This post is a minor break from my Nanowrimo – which has been going well by the way – thanks for asking. 🙂 but I hope you enjoy it.
So the game we played today in my Writing Group – was something I’ll call ‘Like meets Like’ – inspired by how film pitches to studio execs often begin with very simple ‘elevator pitch’ – to convey what your new idea might be like, by likening it to a previous successful movie idea, or changing the genre or the time setting:
Many successful / cult movies were pitched this way (and some not so successfully):
- ALIEN – “JAWS in space” – this very cleverly conjures up the isolation of being out in the middle of nowhere, paying a nod to the second half of JAWS, by taking the crew of a ship in space, fighting a man eating alien in close confines.
- ASSAULT ON PRECINCT 13 – was originally pitched as an exploitation / horror film, because the studios weren’t funding westerns – as RIO BRAVO in modern LA; where a homicidal gang that do not fear death, target the cops at a run down police station and mark them for death (http://en.wikipedia.org/wiki/Assault_on_Precinct_13_(1976_film)
- OUTLAND – “HIGH NOON in space” – this takes the classic Western trope and transfers it to space, where a lawman (Sean Connery) decides to take a stand against corruption, despite the hired killers coming for him and the fact that everyone else is turning their back on him.
I’m sure there are many more better examples. I’d be pleased if you could share them with me 🙂
One other way to approach this is to compare two movie titles and see if they conjure up a film idea – this could be to reinvigorate a tired film idea and give it a new spin.
The film FROM DUSK TILL DAWN (http://www.imdb.com/title/tt0116367/) – is a good example of what happens when you take a vampire movie and put it together with a heist / gangster movie. PRIDE AND PREJUDICE WITH ZOMBIES (http://www.imdb.com/title/tt1374989/) is another.
So why do it?
It’s fun to put different things together to see what combinations may inspire different ideas. And you never know, some interesting plot variations might come out of this experimentation, at least you get you on the road towards fleshing out characters and situations. And to that end, try then taking that film title combination and then trying to work that up into a logline.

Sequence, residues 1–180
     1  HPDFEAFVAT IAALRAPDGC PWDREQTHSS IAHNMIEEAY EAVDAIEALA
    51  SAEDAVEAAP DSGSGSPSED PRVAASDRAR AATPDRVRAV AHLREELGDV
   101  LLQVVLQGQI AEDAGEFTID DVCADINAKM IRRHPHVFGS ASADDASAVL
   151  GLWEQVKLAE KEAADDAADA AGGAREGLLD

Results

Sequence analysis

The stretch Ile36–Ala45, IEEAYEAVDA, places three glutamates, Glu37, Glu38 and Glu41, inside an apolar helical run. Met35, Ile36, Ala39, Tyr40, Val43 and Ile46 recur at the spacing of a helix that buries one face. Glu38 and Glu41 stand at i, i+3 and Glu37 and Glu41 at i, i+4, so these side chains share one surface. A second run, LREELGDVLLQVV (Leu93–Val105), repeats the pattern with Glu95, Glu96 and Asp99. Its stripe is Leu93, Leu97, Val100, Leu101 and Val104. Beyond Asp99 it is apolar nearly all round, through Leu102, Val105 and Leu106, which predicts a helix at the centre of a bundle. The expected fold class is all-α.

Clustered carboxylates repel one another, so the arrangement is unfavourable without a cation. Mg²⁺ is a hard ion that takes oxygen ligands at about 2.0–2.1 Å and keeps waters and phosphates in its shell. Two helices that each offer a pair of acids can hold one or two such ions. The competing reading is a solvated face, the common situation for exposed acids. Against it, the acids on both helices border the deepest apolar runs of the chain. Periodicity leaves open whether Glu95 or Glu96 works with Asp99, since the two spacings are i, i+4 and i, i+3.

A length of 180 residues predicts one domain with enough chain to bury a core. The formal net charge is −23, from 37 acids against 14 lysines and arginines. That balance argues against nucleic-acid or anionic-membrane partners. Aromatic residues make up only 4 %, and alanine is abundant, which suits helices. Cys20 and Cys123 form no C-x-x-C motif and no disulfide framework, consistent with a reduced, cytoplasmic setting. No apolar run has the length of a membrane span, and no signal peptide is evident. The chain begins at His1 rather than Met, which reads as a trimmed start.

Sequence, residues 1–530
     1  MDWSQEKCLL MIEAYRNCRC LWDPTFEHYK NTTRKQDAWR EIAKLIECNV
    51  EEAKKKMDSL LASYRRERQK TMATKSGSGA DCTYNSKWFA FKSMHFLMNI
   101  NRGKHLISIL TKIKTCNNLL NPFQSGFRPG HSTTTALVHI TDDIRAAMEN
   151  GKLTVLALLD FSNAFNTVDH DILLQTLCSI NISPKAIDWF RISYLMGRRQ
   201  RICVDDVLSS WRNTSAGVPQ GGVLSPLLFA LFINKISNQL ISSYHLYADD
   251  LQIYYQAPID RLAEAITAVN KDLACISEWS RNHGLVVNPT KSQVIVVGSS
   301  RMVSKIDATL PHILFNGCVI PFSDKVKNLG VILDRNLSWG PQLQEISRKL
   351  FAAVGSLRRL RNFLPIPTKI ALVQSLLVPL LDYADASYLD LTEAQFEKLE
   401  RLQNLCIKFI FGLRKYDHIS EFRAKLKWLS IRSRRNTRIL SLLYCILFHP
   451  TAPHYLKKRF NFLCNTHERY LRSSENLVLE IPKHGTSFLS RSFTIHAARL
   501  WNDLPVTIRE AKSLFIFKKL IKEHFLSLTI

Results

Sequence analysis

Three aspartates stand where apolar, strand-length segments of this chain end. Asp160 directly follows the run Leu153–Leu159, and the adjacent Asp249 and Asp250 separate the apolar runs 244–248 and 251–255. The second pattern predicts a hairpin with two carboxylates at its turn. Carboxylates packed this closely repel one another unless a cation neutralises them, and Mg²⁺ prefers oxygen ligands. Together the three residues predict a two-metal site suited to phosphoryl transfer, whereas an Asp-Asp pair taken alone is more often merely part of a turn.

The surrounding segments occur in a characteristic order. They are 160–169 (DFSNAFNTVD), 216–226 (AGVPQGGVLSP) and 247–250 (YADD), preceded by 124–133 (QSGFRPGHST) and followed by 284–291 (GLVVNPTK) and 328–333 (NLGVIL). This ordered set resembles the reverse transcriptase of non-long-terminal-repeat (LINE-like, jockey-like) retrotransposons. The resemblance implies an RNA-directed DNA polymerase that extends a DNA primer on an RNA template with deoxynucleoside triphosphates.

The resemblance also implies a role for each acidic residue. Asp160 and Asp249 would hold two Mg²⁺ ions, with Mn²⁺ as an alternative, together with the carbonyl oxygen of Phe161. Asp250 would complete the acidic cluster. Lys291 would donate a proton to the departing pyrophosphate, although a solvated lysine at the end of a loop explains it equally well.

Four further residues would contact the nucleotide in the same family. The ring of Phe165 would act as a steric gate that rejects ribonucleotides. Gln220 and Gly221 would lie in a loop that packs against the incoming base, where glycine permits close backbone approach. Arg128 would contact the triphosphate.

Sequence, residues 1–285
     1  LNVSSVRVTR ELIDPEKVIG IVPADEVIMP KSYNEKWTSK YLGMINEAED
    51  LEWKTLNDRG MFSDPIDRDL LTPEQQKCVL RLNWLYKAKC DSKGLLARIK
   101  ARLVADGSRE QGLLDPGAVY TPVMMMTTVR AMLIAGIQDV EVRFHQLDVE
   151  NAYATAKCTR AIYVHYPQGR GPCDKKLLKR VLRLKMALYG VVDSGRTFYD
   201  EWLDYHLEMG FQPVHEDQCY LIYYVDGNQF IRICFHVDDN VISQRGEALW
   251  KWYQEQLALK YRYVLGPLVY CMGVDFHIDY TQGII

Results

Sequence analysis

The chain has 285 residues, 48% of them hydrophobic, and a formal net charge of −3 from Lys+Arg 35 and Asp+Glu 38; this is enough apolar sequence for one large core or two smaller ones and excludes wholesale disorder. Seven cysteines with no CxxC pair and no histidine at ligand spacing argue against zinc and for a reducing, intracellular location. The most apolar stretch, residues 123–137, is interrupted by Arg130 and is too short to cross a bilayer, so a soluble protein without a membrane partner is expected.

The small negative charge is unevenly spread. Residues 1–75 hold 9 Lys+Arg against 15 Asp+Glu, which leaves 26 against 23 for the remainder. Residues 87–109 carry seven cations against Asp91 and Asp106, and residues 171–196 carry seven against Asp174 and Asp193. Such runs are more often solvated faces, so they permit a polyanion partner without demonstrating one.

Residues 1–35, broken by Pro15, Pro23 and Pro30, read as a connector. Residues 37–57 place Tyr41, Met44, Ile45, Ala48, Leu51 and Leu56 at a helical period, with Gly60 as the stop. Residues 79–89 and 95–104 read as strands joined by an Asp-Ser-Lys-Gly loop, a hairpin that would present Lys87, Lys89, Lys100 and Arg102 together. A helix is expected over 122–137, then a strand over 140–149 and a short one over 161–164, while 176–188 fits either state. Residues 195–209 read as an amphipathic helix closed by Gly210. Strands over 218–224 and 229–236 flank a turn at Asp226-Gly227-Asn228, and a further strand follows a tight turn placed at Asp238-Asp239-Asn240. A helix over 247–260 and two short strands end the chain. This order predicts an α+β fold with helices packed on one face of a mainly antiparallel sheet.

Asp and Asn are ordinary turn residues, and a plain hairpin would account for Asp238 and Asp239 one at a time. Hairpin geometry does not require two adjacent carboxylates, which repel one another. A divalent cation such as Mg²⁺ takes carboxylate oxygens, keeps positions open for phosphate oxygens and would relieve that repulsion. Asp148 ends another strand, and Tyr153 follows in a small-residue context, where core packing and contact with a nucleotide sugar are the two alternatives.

For example – I might say “It’s like JAWS meets DUMB AND DUMBER – a tale of three incredibly stupid men, attempting to capture and kill a mythical Megalodon Shark that’s targeting the population of a small island – and it’s far bigger and more dangerous than any Great White – only they’ve lost their boat, and they’re too dumb to know anything about hunting sharks.”
I’d love to know the proper name for this activity – if there is one. For now the name stays. 🙂 Please let me know if you can think of a more well known technique term for it though.
Here’s the two I came up with: (they need work 🙂 )
1. Think RAVENOUS meets ZERO DARK THIRTY – A darkly comic action/horror film about an alcoholic CIA operative, recovering from a botched mission that went fatally wrong, who is forced to find the secret location of a cannibal cult, before they consume her kidnapped boss; the one person who stood by her in her hour of need. Ref: http://www.imdb.com/title/tt012… and http://www.imdb.com/title/tt179…
2. Think REAR WINDOW meets L’APARTMENT – A drama / mystery / romance – about a bored advertising executive, recovering from an injury, who is forced to solve the murder he believes he witnessed, when spying on his new female neighbour; he’s already engaged to marry another woman. And he’s convinced that one of these women might be the killer. Ref: http://www.imdb.com/title/tt011… and http://www.imdb.com/title/tt004…
The others in the group thought of an even better spin on the game, for the random factor, to throw different film names, genres into a hat and to pick them out at random. That way, no one has to struggle for good combinations to work with, but instead can just practice the technique when using ideas purely for fun and practise.
Why don’t you give it a try, in those moments when you might be short of inspiration? they don’t have to be keepers, those ideas that you’ll eventually pitch to an exec, in a Hollywood meeting, but they might help you practice starting to develop that elevator pitch – so that you can later take the meeting that launches your career.
Please let me know if this was useful – and if you prefer a variation, tell me what works for you. And also, especially in time for next year’s Nanowrimo, why not use this technique to inspire your next novel plot.